that they have no business making plans -- aboard -- to solve the problems
of Cuba or to work out solutions; this is no time to hatch
counterrevolutionary plans against our country; this is true first of all
because they have to reckon with us and if they do not reckon with
us -- because they do not believe that we are strong enough -- well, then
let them face the consequences!

Today we are gathered at a very sad time but nevertheless this is
one of the strongest moments for our fatherland, one of the most symbolic.
Who would have told us 14 months ago -- when we were marching through these
streets with our Rebel soldiers from Oriente, marching through the streets
amid the delirious joy of the people, that the day would come when we would
have to march through these same streets amid sadness and grief, seeing
these same people, on our way to bury a group of workers, a group of those
soldiers who marched through here, carrying the standards of national
liberation!  Who would have told us that those who caused the
assassinations of so many thousands upon thousands of Cubans and the
accomplices in these crimes, who would have told us that they would force
us once again -- and who knows, how many more times -- to come together and
to bewail our latest victims, our citizens who have just been wiped out by
the same criminals and by the same allies!  But, bitter though it may be,
one thing is certain:  we are carrying out this very painful duty here
today and we will carry it out as many times as it may be necessary.  We
will do this duty, one day in the cortege and the next day in a coffin, if
necessary!  We will do this duty because we know that others will follow
those who fall, that others will stand up after those who fall.

The Ranks Will Continue to March

Our losses have been great over the past 14 months:  wonderful and
unforgettable comrades are no longer with us, men who have been with us all
these past years, comrades who have disappeared from our ranks doing their
duty; and still the ranks keep marching on, the people are on their feet,
marching, and this is what really counts!  It is certainly an imposing
spectacle to see a people marching, like our people!  And we witness a
magnificent spectacle today as we march together!  A few years ago, it was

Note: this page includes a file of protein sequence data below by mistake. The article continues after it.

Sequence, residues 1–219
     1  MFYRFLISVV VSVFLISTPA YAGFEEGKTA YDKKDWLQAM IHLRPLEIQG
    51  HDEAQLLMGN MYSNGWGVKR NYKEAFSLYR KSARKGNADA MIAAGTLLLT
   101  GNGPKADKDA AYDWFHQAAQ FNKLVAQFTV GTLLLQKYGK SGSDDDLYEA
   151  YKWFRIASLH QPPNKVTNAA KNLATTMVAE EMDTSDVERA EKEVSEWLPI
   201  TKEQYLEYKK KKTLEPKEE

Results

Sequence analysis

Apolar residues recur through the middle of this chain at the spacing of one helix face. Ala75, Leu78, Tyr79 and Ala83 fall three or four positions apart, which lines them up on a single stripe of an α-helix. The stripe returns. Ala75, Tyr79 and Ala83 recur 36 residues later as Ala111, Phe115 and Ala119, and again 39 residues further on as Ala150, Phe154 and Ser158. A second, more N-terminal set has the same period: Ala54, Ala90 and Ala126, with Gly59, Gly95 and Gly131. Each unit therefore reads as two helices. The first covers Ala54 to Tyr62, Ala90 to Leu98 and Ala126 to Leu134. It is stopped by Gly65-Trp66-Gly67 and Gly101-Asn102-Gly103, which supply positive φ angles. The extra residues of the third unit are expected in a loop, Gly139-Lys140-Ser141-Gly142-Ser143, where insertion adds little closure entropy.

just a dream, a dream of seeing all of us marching together like this.  Who
ever would have dreamed of someday seeing the worker militias march side by
side with the university militias; side by side with the soldiers of the
Rebel Army; shoulder to shoulder with the members of the Navy and the
police; shoulder to shoulder with a column of peasants wearing their
characteristic sombreros; their ranks compact with military-looking, rifles
on their shoulders; poor farmers from the mountains who today accompany us
at this moment of grief, so that nobody will be without representation, so
that ministers and citizens can mingle together here today, so that the
entire nation can rally in a spirit of combat and heroism!  Who would have
dreamed that someday military men and workers would no longer be enemies,
that someday the military and the workers and students and peasants and
people would no longer be enemies; who would have dreamed that someday
intellectuals would march arm in arm with the laborers; who would have
dreamed that someday the men of labor and the men of war would march
together, as they marched today!  In the old days, they marched separately,
they were enemies, and the fatherland was full of dissimilar interests and
dissimilar groups and dissimilar institutions; and today the fatherland has
one single feeling, the fatherland is one single force, the fatherland is
one single group; today they do not fight each other, the peasants and the
soldiers or the students and police or the people and armed forces do not